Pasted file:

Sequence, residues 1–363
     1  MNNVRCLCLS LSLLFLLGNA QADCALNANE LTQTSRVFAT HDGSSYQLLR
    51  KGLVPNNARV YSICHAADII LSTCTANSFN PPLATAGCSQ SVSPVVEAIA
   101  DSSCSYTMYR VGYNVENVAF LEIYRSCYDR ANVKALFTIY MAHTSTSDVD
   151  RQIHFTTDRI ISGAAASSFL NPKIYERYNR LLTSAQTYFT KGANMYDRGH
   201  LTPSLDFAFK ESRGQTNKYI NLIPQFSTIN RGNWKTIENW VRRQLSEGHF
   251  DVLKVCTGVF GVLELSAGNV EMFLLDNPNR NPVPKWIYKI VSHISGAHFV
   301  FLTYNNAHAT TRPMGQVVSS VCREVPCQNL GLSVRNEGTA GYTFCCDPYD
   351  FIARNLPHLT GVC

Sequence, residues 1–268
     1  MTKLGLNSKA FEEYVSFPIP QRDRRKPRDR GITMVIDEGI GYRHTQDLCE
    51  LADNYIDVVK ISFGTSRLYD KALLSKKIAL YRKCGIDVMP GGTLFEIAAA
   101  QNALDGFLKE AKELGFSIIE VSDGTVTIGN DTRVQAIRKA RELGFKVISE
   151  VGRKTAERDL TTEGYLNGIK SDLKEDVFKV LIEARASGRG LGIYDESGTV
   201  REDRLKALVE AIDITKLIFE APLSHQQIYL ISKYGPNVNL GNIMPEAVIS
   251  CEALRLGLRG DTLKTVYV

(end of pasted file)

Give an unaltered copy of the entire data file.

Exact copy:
Sequence, residues 1–363
     1  MNNVRCLCLS LSLLFLLGNA QADCALNANE LTQTSRVFAT HDGSSYQLLR
    51  KGLVPNNARV YSICHAADII LSTCTANSFN PPLATAGCSQ SVSPVVEAIA
   101  DSSCSYTMYR VGYNVENVAF LEIYRSCYDR ANVKALFTIY MAHTSTSDVD
   151  RQIHFTTDRI ISGAAASSFL NPKIYERYNR LLTSAQTYFT KGANMYDRGH
   201  LTPSLDFAFK ESRGQTNKYI NLIPQFSTIN RGNWKTIENW VRRQLSEGHF
   251  DVLKVCTGVF GVLELSAGNV EMFLLDNPNR NPVPKWIYKI VSHISGAHFV
   301  FLTYNNAHAT TRPMGQVVSS VCREVPCQNL GLSVRNEGTA GYTFCCDPYD
   351  FIARNLPHLT GVC

Sequence, residues 1–268
     1  MTKLGLNSKA FEEYVSFPIP QRDRRKPRDR GITMVIDEGI GYRHTQDLCE
    51  LADNYIDVVK ISFGTSRLYD KALLSKKIAL YRKCGIDVMP GGTLFEIAAA
   101  QNALDGFLKE AKELGFSIIE VSDGTVTIGN DTRVQAIRKA RELGFKVISE
   151  VGRKTAERDL TTEGYLNGIK SDLKEDVFKV LIEARASGRG LGIYDESGTV
   201  REDRLKALVE AIDITKLIFE APLSHQQIYL ISKYGPNVNL GNIMPEAVIS
   251  CEALRLGLRG DTLKTVYV